Determination of the scope of the investigation (§ 15 UVPG)
If an EIA is to be carried out, the next step is usually to define the scope of the investigation for the EIA report (so-called “scoping”). To this end, the authority informs and advises the developer at an early stage about the content (e.g. considerations on groundwater), scope (e.g. focus on certain protected assets), depth of detail and the methods to be used (e.g. counting sand lizards) of the investigations .
The competent authority can give the developer the opportunity to discuss the scope of the investigation. It is often advisable to include additional specialist knowledge and the knowledge of third parties, i.e. experts, environmental associations, authorities or other third parties, in a so-called scoping appointment in addition to the developer. In certain cases, e.g. B. If the parties involved agree to the proposed scope of the investigation, such an appointment can be dispensed with and the assessment of the authorities and associations can be obtained in writing.
EIA report (§ 16 UVPG)
The EIA report is then drawn up on the basis of the established investigation framework. The content is presented in writing and is usually illustrated by images and maps. The EIA report contains at least:
- Description of the environment in the study area (inventory and assessment),
- Description of the project (e.g. location, type, technical design, size),
- Description of the reasonable alternatives that have been examined by the developer,
- Description of the characteristics of the project, location and the planned measures with which significant adverse environmental impacts of the project are to be excluded, reduced, compensated for or replaced,
- Description of the significant environmental impacts to be expected,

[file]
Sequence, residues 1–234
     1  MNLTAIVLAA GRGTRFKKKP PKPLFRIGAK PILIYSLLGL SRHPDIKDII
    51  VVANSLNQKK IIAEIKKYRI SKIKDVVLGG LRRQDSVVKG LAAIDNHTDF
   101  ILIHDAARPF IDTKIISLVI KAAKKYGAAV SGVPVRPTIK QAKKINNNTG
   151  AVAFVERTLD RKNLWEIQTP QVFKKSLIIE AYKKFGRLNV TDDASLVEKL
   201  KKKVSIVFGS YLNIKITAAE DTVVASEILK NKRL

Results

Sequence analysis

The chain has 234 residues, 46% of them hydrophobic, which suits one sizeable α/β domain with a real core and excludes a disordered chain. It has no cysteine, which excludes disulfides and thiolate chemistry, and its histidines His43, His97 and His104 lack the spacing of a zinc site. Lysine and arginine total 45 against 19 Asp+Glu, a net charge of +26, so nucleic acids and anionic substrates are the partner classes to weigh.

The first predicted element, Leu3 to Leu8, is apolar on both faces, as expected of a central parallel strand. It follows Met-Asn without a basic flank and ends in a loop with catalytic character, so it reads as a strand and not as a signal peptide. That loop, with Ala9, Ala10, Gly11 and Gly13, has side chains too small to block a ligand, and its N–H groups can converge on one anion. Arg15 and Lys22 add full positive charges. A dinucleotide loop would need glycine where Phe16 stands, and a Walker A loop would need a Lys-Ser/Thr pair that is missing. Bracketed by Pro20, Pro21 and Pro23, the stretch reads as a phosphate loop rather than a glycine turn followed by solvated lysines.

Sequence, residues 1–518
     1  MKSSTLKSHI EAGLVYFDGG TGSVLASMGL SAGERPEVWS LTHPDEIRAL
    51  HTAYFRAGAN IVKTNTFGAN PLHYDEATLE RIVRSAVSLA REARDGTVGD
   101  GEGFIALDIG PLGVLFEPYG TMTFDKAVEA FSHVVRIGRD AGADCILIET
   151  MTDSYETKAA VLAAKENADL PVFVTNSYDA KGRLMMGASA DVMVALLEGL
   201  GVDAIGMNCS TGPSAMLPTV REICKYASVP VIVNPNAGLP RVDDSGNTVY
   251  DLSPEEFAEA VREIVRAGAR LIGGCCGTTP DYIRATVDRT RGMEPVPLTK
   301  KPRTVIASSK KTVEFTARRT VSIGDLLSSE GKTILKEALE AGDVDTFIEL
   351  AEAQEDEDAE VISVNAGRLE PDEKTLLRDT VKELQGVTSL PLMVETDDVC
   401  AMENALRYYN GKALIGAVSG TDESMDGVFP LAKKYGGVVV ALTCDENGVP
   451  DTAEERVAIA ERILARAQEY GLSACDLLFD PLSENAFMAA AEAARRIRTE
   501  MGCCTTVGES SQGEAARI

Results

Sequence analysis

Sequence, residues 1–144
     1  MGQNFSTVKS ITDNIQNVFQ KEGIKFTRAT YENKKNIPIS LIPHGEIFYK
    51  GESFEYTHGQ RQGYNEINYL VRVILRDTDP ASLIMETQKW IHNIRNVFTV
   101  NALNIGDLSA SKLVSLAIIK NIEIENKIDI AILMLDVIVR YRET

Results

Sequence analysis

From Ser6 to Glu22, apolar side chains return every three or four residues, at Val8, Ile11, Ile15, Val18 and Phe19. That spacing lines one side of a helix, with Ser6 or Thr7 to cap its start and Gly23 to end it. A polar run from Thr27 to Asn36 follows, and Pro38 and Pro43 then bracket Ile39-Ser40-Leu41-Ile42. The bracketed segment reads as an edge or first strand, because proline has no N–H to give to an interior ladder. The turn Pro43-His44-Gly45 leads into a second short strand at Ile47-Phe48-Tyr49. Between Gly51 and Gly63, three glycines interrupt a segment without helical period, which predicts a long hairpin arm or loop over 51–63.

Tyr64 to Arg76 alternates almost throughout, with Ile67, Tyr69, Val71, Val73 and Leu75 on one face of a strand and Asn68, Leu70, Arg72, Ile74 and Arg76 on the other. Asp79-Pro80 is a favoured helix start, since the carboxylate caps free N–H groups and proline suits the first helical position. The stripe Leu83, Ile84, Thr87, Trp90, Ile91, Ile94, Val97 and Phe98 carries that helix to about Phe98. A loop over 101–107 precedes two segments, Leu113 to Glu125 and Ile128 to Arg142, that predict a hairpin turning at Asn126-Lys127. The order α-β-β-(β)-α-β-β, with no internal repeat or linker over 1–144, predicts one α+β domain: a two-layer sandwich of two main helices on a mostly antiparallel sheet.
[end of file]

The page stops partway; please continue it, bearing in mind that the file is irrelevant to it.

- generally understandable, non-technical summary.
Participation of the public and other authorities (§§ 17, 18 ff. UVPG)
Once the EIA report has been prepared, it is first checked for completeness by the competent authority. In order to ensure that all relevant effects and necessary measures have been taken into account, the public and those responsible for public affairs (especially specialist authorities) are now given the opportunity to participate in the respective approval process. The documents are displayed for the public. This means that they are made available to the public in paper form in at least one place, often even in several places. The documents laid out are also electronically accessible via the EIA portals. In any case, the document laid out remains decisive. The public affected by the project can comment on the project as part of their participation and, if necessary, take part in a discussion meeting. How the information received from the public was taken into account is documented and justified. After the process has been completed, the decision will be announced to the public. The expertise of other specialist authorities is also important in order to B. To receive information on the environmental compatibility of the project.
Consideration of the EIA report in the approval decision (§§ 24, 25 UVPG)
Before the competent authority makes its decision on the approval of the project, it summarizes the environmental impacts of the project again. In addition to the results of the EIA report, the statements of the authorities and the public concerned and, if necessary, the results of their own investigations are included in the summary presentation with a. The authority then assesses the environmental impact of the project on the basis of this summary. She justifies her evaluation. The justified assessment must then be taken into account when making the approval decision.
Announcement and justification of the decision (§§ 26, 27 UVPG)
The competent authority then publishes its approval decision and makes the decision on approval or rejection of the project available for inspection.